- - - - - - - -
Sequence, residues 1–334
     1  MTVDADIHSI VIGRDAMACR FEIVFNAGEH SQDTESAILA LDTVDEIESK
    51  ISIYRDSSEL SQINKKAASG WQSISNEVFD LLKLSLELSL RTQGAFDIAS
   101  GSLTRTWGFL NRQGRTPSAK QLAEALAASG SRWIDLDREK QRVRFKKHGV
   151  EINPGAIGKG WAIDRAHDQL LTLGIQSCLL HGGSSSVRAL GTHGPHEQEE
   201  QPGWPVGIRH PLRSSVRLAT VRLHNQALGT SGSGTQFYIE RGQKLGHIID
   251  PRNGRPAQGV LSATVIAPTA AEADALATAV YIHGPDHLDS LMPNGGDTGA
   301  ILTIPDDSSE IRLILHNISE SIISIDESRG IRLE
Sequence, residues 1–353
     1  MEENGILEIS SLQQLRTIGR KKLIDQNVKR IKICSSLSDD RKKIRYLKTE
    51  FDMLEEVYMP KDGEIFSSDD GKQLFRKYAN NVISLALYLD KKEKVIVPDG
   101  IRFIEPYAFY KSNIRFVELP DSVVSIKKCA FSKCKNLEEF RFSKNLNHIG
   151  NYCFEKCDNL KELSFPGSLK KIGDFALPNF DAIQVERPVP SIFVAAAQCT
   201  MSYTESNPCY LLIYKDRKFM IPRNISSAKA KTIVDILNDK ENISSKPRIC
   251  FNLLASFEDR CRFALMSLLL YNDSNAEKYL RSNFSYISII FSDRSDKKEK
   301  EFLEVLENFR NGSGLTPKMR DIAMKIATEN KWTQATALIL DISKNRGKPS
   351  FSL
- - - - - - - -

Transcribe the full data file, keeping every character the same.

Sequence, residues 1–334
     1  MTVDADIHSI VIGRDAMACR FEIVFNAGEH SQDTESAILA LDTVDEIESK
    51  ISIYRDSSEL SQINKKAASG WQSISNEVFD LLKLSLELSL RTQGAFDIAS
   101  GSLTRTWGFL NRQGRTPSAK QLAEALAASG SRWIDLDREK QRVRFKKHGV
   151  EINPGAIGKG WAIDRAHDQL LTLGIQSCLL HGGSSSVRAL GTHGPHEQEE
   201  QPGWPVGIRH PLRSSVRLAT VRLHNQALGT SGSGTQFYIE RGQKLGHIID
   251  PRNGRPAQGV LSATVIAPTA AEADALATAV YIHGPDHLDS LMPNGGDTGA
   301  ILTIPDDSSE IRLILHNISE SIISIDESRG IRLE
Sequence, residues 1–353
     1  MEENGILEIS SLQQLRTIGR KKLIDQNVKR IKICSSLSDD RKKIRYLKTE
    51  FDMLEEVYMP KDGEIFSSDD GKQLFRKYAN NVISLALYLD KKEKVIVPDG
   101  IRFIEPYAFY KSNIRFVELP DSVVSIKKCA FSKCKNLEEF RFSKNLNHIG
   151  NYCFEKCDNL KELSFPGSLK KIGDFALPNF DAIQVERPVP SIFVAAAQCT
   201  MSYTESNPCY LLIYKDRKFM IPRNISSAKA KTIVDILNDK ENISSKPRIC
   251  FNLLASFEDR CRFALMSLLL YNDSNAEKYL RSNFSYISII FSDRSDKKEK
   301  EFLEVLENFR NGSGLTPKMR DIAMKIATEN KWTQATALIL DISKNRGKPS
   351  FSL